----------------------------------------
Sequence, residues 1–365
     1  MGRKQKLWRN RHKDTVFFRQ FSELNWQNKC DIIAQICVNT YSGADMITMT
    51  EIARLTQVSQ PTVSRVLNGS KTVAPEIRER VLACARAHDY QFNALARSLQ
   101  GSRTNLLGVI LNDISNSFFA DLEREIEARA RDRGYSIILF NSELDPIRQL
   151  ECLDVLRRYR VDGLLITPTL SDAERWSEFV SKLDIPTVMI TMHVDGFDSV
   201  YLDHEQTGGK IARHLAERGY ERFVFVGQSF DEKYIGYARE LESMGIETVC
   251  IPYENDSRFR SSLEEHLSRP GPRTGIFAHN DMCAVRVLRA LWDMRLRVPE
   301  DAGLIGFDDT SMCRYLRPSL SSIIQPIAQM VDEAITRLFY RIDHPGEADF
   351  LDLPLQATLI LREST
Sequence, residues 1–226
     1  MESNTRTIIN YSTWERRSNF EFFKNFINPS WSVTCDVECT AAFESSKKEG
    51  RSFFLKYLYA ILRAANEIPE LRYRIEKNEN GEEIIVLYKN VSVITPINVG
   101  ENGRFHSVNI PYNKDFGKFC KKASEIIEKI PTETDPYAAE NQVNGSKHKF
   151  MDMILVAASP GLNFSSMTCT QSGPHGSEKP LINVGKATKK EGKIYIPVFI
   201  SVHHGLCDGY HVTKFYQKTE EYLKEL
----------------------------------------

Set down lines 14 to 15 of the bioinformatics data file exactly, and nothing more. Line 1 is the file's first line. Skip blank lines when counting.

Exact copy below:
   151  MDMILVAASP GLNFSSMTCT QSGPHGSEKP LINVGKATKK EGKIYIPVFI
   201  SVHHGLCDGY HVTKFYQKTE EYLKEL